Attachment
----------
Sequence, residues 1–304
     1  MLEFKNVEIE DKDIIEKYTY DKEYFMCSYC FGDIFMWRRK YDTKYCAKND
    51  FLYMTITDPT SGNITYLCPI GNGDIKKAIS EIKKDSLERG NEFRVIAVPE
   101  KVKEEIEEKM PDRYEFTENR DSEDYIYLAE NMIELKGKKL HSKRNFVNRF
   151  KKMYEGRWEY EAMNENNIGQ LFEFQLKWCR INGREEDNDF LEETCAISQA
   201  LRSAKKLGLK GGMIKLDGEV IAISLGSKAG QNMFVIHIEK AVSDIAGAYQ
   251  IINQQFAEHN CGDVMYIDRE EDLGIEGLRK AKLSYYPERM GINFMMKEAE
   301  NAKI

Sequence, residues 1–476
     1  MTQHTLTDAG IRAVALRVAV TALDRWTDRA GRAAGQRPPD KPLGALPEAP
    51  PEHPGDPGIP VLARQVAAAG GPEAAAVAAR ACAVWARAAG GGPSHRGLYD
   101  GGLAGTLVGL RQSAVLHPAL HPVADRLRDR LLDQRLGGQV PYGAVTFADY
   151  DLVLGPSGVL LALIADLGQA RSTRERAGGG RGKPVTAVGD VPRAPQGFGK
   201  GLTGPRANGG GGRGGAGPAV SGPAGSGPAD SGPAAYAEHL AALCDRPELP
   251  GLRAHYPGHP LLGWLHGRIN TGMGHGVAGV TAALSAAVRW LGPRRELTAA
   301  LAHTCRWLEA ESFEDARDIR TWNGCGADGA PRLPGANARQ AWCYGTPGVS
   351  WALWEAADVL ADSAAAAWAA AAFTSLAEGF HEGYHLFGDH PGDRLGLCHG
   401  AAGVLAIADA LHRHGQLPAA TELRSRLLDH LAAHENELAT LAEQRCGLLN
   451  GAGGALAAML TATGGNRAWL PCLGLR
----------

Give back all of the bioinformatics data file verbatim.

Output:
Sequence, residues 1–304
     1  MLEFKNVEIE DKDIIEKYTY DKEYFMCSYC FGDIFMWRRK YDTKYCAKND
    51  FLYMTITDPT SGNITYLCPI GNGDIKKAIS EIKKDSLERG NEFRVIAVPE
   101  KVKEEIEEKM PDRYEFTENR DSEDYIYLAE NMIELKGKKL HSKRNFVNRF
   151  KKMYEGRWEY EAMNENNIGQ LFEFQLKWCR INGREEDNDF LEETCAISQA
   201  LRSAKKLGLK GGMIKLDGEV IAISLGSKAG QNMFVIHIEK AVSDIAGAYQ
   251  IINQQFAEHN CGDVMYIDRE EDLGIEGLRK AKLSYYPERM GINFMMKEAE
   301  NAKI

Sequence, residues 1–476
     1  MTQHTLTDAG IRAVALRVAV TALDRWTDRA GRAAGQRPPD KPLGALPEAP
    51  PEHPGDPGIP VLARQVAAAG GPEAAAVAAR ACAVWARAAG GGPSHRGLYD
   101  GGLAGTLVGL RQSAVLHPAL HPVADRLRDR LLDQRLGGQV PYGAVTFADY
   151  DLVLGPSGVL LALIADLGQA RSTRERAGGG RGKPVTAVGD VPRAPQGFGK
   201  GLTGPRANGG GGRGGAGPAV SGPAGSGPAD SGPAAYAEHL AALCDRPELP
   251  GLRAHYPGHP LLGWLHGRIN TGMGHGVAGV TAALSAAVRW LGPRRELTAA
   301  LAHTCRWLEA ESFEDARDIR TWNGCGADGA PRLPGANARQ AWCYGTPGVS
   351  WALWEAADVL ADSAAAAWAA AAFTSLAEGF HEGYHLFGDH PGDRLGLCHG
   401  AAGVLAIADA LHRHGQLPAA TELRSRLLDH LAAHENELAT LAEQRCGLLN
   451  GAGGALAAML TATGGNRAWL PCLGLR